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Years 3 and above

Some councils may provide free school meals universally for children in all primary school years, so the local policy should be checked in the first instance. Search for a council’s policy.

When a council does not universally provide free school meals to children in school year 3 or above, then free school meals are usually only available to children who meet government eligibility criteria.

Free school meals can also be provided to an eligible child in full-time education who is younger than the compulsory school age.

Standard eligibility criteria

A child will be entitled to free school meals when their parent is receiving a qualifying benefit or if the child is receiving a qualifying benefit in their own right.

The qualifying benefits are:

  • Income Support
  • Income-based Jobseeker’s Allowance
  • Income-related Employment and Support Allowance
  • The guarantee element of State Pension Credit
  • Child Tax Credit (where the family has an annual income less than £16,190 and the parent is not entitled to Working Tax Credit)
  • Working Tax Credit four week run-on (paid when this benefit stops)
  • Universal Credit (where the family's net annual earned income must not exceed £7,400)
  • Support provided by the Home Office under Part VI of the Immigration and Asylum Act 1999 (section 95 or section 98 asylum support)

See also the government information about the standard eligibility criteria.

Children in households with no recourse to public funds

The Government has permanently extended free school meal eligibility to children in all households with no recourse to public funds, subject to maximum income thresholds for families that are able to work.

The government guidance, Providing free school meals to families with no recourse to public funds (NRPF), states that these groups include, but may not be limited to children of:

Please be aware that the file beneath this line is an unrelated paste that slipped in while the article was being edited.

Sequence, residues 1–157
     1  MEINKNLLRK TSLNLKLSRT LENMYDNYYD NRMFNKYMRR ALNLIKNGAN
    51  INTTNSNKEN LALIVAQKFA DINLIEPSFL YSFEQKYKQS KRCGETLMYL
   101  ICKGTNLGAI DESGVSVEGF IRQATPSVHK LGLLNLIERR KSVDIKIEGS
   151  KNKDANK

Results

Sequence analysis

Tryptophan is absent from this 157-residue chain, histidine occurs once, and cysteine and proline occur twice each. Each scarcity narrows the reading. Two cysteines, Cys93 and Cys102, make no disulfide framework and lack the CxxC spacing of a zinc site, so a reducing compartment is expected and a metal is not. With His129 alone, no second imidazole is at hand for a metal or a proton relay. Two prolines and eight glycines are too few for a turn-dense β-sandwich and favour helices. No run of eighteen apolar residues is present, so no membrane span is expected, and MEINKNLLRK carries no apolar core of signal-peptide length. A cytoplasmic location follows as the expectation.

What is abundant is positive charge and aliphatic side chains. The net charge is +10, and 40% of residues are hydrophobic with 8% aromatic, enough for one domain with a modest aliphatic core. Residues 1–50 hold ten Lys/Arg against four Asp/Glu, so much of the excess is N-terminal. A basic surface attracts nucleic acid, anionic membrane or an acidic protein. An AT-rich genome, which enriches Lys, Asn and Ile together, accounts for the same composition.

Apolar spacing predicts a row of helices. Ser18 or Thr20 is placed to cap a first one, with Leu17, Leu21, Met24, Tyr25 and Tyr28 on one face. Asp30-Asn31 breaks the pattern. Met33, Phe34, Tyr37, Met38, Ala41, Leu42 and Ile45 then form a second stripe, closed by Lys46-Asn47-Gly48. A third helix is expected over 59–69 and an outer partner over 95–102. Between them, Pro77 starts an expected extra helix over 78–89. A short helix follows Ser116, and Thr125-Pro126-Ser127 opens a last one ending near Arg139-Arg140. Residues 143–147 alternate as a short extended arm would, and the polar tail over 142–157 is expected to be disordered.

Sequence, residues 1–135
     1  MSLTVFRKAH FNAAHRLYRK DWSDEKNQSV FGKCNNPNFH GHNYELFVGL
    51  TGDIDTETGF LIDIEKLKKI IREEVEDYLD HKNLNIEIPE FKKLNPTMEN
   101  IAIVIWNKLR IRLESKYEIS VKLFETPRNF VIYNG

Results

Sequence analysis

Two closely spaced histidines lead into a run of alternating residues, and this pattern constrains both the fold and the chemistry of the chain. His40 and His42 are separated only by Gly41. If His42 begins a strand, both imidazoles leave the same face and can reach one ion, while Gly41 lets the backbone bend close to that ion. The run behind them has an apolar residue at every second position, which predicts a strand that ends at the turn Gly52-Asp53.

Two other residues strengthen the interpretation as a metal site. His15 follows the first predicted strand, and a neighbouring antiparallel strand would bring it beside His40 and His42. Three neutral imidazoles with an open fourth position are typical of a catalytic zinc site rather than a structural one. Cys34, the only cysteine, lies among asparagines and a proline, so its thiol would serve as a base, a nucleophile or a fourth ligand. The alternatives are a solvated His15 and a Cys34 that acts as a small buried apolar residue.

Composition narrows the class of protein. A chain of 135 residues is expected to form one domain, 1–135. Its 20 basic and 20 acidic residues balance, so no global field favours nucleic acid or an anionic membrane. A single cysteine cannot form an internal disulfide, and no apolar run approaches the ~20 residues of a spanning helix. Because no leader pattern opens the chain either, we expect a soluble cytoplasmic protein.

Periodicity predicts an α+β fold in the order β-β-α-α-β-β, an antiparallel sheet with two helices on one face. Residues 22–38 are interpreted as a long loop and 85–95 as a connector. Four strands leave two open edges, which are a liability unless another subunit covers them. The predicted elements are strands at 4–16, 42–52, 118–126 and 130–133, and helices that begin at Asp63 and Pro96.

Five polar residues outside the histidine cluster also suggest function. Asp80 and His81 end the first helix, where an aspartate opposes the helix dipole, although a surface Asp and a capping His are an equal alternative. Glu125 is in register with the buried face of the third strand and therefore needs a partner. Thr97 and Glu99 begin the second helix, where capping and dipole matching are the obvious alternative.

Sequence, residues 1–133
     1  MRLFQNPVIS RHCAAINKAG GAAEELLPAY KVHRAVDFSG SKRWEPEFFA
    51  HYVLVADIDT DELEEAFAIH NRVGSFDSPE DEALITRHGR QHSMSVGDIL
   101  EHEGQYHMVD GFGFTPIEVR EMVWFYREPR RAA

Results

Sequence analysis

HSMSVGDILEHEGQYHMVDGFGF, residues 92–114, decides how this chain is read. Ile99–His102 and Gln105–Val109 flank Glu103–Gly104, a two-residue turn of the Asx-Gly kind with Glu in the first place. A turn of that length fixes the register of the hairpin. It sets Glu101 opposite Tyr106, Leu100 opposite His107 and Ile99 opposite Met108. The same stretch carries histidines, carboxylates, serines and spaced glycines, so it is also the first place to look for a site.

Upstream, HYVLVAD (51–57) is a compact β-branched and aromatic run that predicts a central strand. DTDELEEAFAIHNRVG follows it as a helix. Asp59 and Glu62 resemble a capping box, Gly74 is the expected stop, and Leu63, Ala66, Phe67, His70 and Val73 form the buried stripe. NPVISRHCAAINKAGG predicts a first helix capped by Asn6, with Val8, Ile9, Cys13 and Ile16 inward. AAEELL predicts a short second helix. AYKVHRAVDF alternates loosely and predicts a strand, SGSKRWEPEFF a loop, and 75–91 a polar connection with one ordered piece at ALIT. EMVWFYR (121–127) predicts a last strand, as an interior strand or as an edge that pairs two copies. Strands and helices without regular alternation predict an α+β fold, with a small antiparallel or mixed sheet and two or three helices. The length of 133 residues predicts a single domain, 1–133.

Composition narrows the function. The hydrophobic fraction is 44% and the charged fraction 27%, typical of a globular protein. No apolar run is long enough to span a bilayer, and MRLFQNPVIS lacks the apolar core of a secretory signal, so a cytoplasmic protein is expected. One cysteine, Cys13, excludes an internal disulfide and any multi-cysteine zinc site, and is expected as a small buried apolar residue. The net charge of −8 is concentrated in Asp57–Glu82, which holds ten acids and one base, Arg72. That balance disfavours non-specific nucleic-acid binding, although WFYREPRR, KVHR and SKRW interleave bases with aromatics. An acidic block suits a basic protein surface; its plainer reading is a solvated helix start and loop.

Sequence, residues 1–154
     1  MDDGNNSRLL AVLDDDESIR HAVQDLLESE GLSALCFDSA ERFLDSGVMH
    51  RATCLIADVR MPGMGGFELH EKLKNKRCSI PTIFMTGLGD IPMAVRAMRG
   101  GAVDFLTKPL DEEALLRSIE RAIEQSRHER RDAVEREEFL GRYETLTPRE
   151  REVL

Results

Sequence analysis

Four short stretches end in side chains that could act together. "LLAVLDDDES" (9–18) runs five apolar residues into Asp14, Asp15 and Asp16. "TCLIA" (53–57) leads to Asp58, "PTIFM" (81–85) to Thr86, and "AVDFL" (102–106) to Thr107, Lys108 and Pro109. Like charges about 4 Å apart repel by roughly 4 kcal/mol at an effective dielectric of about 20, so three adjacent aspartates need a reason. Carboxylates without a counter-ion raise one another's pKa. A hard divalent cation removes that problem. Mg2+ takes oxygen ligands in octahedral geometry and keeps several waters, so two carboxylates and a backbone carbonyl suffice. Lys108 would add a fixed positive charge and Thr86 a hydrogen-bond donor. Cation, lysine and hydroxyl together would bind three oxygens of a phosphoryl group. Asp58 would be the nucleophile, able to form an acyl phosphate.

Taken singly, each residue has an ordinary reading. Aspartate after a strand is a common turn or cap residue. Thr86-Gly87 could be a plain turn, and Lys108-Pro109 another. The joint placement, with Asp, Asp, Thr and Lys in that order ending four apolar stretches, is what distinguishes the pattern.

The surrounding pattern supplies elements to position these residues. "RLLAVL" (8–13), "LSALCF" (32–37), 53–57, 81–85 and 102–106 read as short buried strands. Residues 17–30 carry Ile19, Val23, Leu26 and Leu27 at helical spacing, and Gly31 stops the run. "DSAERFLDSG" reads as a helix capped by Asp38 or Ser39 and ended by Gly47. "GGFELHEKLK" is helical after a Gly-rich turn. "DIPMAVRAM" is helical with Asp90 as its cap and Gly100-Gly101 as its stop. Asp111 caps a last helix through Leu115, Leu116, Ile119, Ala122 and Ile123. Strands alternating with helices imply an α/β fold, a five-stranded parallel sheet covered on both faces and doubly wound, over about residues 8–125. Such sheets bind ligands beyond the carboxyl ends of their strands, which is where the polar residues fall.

• Zambrano carers
  • Families who have no recourse to public funds with a right to remain in the UK on grounds of private and family life under Article 8 of the European Convention on Human Rights
  • Families receiving support under Section 17 of the Children Act 1989 who are also subject to a no recourse to public funds restriction
  • A subset of failed asylum seekers supported under Section 4 of the Immigration and Asylum Act 1999
  • Chen carers
  • Families holding a BN(O) passport
  • Spousal visa holders
  • Work visa holders
  • Student visa holders
  • Those with no immigration status

This is not a comprehensive list of all types of immigration status that are subject to a no recourse to public funds condition, so there will be families with other types of visas who also qualify for free school meals. 

When parents are able to work, a family with no recourse to public funds must also meet a maximum income threshold. The maximum income threshold will depend on how many children are in the household and where they are living:

  • £22,700 per annum for families outside London with one child
  • £31,200 per annum for families within London with one child
  • £26,300 per annum for families outside London with two or more children
  • £34,800 per annum for families within London with two or more children 

Families must also meet a savings threshold of £16,000. This is not referred to in the government guidance but was confirmed in a written statement to Parliament

The income threshold should not be applied to a family without any current immigration permission as they will be unable to legally work.  

An application for free school meals for a child in a household with no recourse to public funds will need to be made to the child's school. The school will assess and process the application in line with the government guidance.

All children in receipt of free school meals will attract pupil premium funding for their school. Schools will need to refer to the Government's No recourse to public funds: claim form guidance.

A child receiving free school meals will also be able to receive free home to school transport if they qualify for this.